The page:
2021 has been just as eventful as the last, we look to European reports indicating trends and attitudes throughout 2021.
As we turn towards the next year, we wanted to leave 2021 with a yearly review that focuses on industry stats and key takeaways. This year marked many countries’ return towards normalcy, and away from the pandemic restrictions that limited their activity the year before. Here, we’ll look at key conclusions from both the Self-Storage Association UK and FEDESSA’s 2021 reports, while highlighting the most important points that influenced this past year.
Just like the year before, 2021 was equally impacted by the ongoing coronavirus pandemic, although in different ways. While 2022 saw large-scale societal lockdowns, 2021 had many countries return to public life, as well as the vaccine rollout allowing for certain restrictions to be eased. According to FEDESSA, occupancy levels in Europe are now higher than they were pre-pandemic, meaning before February 2020, and having increased 1.7% in the past year. The same report did find that business clients across Europe dropped from 32% to 27%, which they believe could be a result of contractions of GDP in various countries near the start of this year.
The SSA UK report also found the highest single-year increase in occupancy, with a 6.1% bump, since they started producing their report in 2004. They attributed this to a larger frequency in the changing of people’s circumstances, whether that be children returning earlier from university or transitioning to working from home, both meaning they required more space at home. While it’s been proven the self storage industry has been resilient throughout the pandemic, a resounding 80% of respondents in the SSA report believed that the pandemic had helped the industry, with 18% thinking it significantly aided business.
We’ve written at length about how the industry continues to move towards software solutions to help their business run more efficiently, and industry surveys support this view.
FEDESSA found that 7% of facilities across Europe were completely unmanned, being entirely run through automated processes. Further, the average number of full-time workers in a facility has dropped from 1.77 to 1.34 in 2015, both as a result of automation and growth in the gig economy. The SSA report found that the leading form of first contact for consumers was a company’s website, with 69%, and that 79% of customers used online services in some form or another to help them in their purchase. This could be browsing their website or finding a quote online. Perhaps confusingly, walk-in customer conversions increased, but the number of walk-ins decreased. Importantly, the SSA report finds that the public is much more comfortable using automated services in their self storage needs, with a net 6% increase in willingness. The SSA attributes this to customer behavior in the pandemic, with more ‘shopping around’ online, and only walking into a facility or office when they are ready to make a purchase.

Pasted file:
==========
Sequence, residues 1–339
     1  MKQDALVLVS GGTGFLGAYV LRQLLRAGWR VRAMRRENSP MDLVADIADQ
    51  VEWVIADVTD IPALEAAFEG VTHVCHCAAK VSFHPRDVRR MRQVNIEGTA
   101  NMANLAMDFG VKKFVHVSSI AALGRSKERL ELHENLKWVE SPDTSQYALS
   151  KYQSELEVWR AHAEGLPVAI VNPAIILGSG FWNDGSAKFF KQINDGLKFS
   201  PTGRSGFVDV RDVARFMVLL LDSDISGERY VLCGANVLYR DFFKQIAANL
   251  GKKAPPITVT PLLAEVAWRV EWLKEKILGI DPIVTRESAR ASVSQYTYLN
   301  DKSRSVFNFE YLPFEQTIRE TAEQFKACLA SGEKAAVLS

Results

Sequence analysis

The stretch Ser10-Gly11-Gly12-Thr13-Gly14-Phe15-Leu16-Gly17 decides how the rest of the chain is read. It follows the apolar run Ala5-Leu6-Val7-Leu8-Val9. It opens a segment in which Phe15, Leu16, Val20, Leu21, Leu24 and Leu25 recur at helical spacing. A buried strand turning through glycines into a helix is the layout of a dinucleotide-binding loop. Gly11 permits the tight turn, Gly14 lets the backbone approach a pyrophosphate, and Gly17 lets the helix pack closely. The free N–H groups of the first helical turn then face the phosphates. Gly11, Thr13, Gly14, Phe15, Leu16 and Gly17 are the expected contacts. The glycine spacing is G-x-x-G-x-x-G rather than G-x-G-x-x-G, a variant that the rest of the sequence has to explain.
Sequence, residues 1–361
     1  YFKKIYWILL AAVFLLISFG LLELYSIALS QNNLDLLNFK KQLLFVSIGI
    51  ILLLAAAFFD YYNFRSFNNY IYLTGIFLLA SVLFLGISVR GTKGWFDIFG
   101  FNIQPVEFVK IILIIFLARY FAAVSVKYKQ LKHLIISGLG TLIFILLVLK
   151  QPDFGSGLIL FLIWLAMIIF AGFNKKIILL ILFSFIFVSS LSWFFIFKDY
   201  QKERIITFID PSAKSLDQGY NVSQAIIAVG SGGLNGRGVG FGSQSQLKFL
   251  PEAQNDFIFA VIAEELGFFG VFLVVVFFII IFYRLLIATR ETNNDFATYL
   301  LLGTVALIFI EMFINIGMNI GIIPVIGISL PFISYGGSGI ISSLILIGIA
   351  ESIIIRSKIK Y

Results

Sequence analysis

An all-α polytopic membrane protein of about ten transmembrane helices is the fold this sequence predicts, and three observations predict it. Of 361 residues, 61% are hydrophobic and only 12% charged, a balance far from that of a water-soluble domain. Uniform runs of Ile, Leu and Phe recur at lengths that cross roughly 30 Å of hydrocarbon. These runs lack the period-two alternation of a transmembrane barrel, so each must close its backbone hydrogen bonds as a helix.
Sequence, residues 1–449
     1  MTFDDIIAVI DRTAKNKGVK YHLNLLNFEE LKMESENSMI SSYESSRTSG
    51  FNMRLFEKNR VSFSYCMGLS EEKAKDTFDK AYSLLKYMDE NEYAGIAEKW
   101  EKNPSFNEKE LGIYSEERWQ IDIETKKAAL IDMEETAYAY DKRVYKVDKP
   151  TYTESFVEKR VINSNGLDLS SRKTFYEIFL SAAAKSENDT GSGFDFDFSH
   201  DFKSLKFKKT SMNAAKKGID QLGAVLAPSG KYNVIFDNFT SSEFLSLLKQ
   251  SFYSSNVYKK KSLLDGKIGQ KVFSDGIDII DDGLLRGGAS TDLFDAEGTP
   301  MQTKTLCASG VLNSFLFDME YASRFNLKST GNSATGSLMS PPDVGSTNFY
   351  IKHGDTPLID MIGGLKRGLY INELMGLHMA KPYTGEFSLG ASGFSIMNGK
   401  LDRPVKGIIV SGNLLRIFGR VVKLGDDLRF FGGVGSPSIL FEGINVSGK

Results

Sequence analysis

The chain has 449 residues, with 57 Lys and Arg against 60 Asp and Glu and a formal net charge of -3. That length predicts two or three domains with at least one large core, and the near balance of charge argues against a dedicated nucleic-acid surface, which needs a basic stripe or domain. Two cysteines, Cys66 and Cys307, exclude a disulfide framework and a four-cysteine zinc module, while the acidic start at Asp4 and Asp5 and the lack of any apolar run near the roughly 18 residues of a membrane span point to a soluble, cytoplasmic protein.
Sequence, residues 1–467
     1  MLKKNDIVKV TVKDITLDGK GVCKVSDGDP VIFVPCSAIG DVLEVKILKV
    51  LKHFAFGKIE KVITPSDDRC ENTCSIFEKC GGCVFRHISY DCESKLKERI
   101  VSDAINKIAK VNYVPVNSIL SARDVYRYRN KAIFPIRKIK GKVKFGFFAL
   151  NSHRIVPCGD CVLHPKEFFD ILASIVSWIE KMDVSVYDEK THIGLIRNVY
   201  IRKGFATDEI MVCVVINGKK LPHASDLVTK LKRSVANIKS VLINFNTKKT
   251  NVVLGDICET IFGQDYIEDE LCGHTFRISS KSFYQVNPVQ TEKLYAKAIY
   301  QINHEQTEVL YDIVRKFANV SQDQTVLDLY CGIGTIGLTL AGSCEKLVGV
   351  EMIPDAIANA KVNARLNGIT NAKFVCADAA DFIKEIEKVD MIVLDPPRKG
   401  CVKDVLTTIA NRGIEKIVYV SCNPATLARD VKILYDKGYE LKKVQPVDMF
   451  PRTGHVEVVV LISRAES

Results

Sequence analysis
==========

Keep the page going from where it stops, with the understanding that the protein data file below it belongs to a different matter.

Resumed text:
As mentioned, the pandemic continues to increase the demand for self storage. 39% of respondents in the SSA report had large changes to circumstances in the past year, which include moving homes, adding a home office and unexpected population increases, etc. Among these, a further 13% were using or considering using self storage. While a higher percentage than those who did not experience a large change in circumstance, this response shows that there is still a large bulk of this subset that are not using self storage, and could be an untapped market. Out of the 4 D’s of self storage demand, death remained the largest driver, with 30% reporting this to be their main reason for needing a storage solution (SSA, 2021).
As the year winds down, where do operators believe the industry is trending towards in 2022? The answer is resoundingly positive. No operators in the FEDESSA survey thought there would be a drop in either profitability or occupancy rates in 2022. Further, when asked about the biggest threat to the industry, the most common response was oversupply, with the pandemic and labor shortages placing much further behind than in 2021. The respondents in the SSA survey were equally positive, with only 5% expecting a downturn in business. The vast majority believed that the following year will be better for business, with 18% thinking that next year will be significantly better.
Overall, 2021 has been quite a year. While the pandemic continues to play in the background of everyone’s minds, operators in Europe are optimistic for the year ahead, and expect a year of increased business and growth in the self storage industry. With that in mind, we wish you a happy new year, and look forward to helping alongside you in 2022!
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